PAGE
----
U.S.-China ‘Tech Cold War’: The Counterproductive Weaponization of the Supply Chain?
The rise of China’s high-tech giants, such as Huawei and ZTE, has aroused much anxiety in policy circles, leading to a recent “tech cold war” between the U.S. and China. How does the movement of Chinese firms up the technology ladder influence US-China relations? More specifically, can the United States continue to “weaponize” its position on the supply chain? This research investigates how the emergence of high-tech firms in China affects the interests and capability of U.S. elites to manipulate their supply chain advantages. The project goes beyond the traditional focus on firms and incorporates perspectives from weaponized interdependence, global value chains, and government-business coalitions.
I hypothesize that in the short to medium-term, the rise of Chinese firms is likely to fragment the interests of the U.S. government and businesses and reduce the state’s capacity to weaponize the supply chain. By contrast, in response to the U.S. strategy, China is likely to experience a stronger coalition between the state and business, rising techno-nationalism, and increased capacity to climb up the supply chain. The policy cycle is likely to continue until the tipping point when China makes major technology breakthroughs in core components and when the interests of the U.S. government and businesses become more unified. But such a change of interests may not be matched with adequate capability.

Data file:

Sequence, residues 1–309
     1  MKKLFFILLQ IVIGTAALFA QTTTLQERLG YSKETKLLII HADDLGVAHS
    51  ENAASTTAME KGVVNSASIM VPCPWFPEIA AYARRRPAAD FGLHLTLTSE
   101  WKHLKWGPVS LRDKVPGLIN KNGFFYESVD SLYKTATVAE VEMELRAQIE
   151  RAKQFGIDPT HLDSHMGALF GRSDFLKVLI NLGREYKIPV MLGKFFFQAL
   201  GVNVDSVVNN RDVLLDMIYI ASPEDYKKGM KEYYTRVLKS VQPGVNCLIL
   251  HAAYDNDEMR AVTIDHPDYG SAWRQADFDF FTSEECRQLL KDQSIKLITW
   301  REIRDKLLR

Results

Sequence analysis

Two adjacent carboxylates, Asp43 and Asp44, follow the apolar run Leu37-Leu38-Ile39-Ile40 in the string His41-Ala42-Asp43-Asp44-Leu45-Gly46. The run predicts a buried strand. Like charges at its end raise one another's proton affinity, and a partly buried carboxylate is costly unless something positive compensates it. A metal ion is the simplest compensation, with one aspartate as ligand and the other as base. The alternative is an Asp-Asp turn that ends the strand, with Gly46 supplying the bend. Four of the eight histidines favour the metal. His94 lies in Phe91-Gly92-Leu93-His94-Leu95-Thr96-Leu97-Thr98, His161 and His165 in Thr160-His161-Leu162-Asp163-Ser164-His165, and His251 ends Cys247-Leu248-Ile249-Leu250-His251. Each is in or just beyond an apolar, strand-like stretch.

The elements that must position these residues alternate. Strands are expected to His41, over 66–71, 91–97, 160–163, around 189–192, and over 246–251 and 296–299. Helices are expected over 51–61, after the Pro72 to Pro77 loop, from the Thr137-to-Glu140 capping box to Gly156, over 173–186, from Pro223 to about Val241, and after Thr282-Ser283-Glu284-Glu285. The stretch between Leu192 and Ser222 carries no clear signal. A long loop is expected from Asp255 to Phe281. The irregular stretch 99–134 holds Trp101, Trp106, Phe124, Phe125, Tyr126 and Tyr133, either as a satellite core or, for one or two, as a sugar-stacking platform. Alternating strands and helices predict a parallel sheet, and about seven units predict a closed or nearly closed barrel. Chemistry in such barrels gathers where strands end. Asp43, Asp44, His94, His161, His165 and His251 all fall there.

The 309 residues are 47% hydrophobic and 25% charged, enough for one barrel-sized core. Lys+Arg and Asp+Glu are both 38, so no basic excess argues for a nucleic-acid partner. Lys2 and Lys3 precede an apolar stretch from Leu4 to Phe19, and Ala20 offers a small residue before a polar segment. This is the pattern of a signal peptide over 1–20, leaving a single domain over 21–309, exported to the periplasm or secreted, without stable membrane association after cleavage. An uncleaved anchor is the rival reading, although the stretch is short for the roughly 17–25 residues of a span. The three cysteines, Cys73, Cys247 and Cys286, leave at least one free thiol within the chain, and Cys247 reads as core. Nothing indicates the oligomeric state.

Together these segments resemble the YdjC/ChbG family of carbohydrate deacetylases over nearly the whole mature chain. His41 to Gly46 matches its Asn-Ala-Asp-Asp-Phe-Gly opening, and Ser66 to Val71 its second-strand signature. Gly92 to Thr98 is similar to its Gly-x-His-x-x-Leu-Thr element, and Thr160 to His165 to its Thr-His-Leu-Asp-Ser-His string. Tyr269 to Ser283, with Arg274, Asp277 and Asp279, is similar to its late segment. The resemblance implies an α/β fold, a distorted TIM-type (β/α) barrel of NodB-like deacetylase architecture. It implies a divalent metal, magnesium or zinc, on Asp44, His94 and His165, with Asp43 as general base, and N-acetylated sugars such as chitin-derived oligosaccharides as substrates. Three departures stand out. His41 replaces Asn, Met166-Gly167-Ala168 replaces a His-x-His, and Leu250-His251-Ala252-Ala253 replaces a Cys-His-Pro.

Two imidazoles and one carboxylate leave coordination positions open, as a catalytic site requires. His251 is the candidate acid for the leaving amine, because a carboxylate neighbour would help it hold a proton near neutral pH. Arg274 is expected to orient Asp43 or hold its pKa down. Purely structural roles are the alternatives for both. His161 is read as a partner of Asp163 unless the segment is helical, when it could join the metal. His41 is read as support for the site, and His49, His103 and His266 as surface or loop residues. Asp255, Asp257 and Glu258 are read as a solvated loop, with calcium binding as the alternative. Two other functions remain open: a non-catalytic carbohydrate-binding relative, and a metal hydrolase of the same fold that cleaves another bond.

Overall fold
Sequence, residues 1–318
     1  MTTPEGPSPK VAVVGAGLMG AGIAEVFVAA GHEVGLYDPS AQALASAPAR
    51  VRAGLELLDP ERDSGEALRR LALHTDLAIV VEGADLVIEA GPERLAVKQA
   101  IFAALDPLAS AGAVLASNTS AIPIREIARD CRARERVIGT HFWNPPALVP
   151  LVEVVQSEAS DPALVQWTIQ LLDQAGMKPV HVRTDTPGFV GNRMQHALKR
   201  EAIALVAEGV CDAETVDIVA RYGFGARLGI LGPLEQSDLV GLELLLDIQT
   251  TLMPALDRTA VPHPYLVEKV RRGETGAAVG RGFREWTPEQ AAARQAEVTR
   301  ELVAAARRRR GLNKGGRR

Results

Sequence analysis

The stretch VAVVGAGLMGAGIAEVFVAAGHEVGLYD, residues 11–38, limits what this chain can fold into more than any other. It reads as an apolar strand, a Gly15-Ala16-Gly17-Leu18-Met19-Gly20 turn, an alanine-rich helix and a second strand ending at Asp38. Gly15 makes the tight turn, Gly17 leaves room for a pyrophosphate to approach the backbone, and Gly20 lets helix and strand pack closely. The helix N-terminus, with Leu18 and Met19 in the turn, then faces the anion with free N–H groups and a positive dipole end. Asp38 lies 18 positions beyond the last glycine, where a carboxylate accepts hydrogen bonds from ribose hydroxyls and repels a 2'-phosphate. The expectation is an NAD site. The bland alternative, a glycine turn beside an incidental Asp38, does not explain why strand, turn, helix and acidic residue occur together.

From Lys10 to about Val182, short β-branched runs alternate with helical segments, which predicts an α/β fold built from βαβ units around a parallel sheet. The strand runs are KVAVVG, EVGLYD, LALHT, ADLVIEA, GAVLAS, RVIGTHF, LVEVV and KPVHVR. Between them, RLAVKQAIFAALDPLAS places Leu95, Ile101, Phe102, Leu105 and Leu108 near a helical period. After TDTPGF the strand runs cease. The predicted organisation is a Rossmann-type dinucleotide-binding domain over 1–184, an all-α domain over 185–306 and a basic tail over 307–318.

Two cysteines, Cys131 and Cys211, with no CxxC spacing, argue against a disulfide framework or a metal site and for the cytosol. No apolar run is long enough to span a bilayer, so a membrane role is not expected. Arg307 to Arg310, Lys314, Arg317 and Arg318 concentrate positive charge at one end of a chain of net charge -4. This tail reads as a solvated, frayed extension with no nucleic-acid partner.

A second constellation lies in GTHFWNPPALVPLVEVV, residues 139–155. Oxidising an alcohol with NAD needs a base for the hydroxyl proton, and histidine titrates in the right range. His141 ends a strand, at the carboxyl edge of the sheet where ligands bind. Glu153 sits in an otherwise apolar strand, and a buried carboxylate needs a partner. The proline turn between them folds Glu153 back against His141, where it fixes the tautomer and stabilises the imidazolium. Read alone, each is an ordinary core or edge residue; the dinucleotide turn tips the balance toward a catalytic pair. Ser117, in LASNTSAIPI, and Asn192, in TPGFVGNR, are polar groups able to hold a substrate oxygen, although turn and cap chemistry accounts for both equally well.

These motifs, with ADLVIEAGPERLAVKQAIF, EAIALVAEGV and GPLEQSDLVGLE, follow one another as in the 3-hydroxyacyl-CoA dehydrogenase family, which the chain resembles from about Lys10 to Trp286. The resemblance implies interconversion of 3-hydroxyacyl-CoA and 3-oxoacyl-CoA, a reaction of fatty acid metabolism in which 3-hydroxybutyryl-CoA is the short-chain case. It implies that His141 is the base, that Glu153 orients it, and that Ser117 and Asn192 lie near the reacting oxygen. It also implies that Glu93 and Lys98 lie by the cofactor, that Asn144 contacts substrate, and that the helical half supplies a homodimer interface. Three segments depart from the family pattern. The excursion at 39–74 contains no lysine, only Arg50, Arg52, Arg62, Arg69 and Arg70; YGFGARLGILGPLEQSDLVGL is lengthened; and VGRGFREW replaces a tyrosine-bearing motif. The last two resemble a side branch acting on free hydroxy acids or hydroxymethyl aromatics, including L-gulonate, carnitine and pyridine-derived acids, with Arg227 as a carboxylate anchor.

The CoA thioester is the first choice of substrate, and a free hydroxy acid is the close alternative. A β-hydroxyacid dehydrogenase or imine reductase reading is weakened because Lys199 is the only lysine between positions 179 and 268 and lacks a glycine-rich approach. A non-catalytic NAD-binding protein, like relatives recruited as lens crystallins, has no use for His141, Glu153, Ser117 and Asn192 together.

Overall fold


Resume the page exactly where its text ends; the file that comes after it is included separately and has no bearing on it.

Ling Chen is an Assistant Professor in the School of Advanced International Studies at Johns Hopkins University. She is also affiliated with Harvard’s Fairbank Center as an associate in research. Before joining SAIS, she was a Shorenstein Postdoctoral Fellow at Stanford University and a Rajawali Fellow at the Ash Center of Harvard Kennedy School. Her research focuses on political economy, state-business relations, and economic policies in China, combining in-depth field interviews with statistical analysis and machine learning. Chen’s articles have appeared in a number of academic journals, and her first book, Manipulating Globalization: The Influence of Bureaucrats on Business in China, was published by Stanford University Press. Her second book project on capitalism and the authoritarian state has received support from Johns Hopkins Catalyst Award. Her research has been funded by institutions such as Social Science Research Council (Andrew Mellon Foundation), Chiang Ching-Kuo Foundation, and Stanford University. In addition to academic outlets, she has also published in Washington Post and Axios. Her comments have been quoted, among others, by Foreign Affairs, Foreign Policy, and National Committee on US-China Relations.
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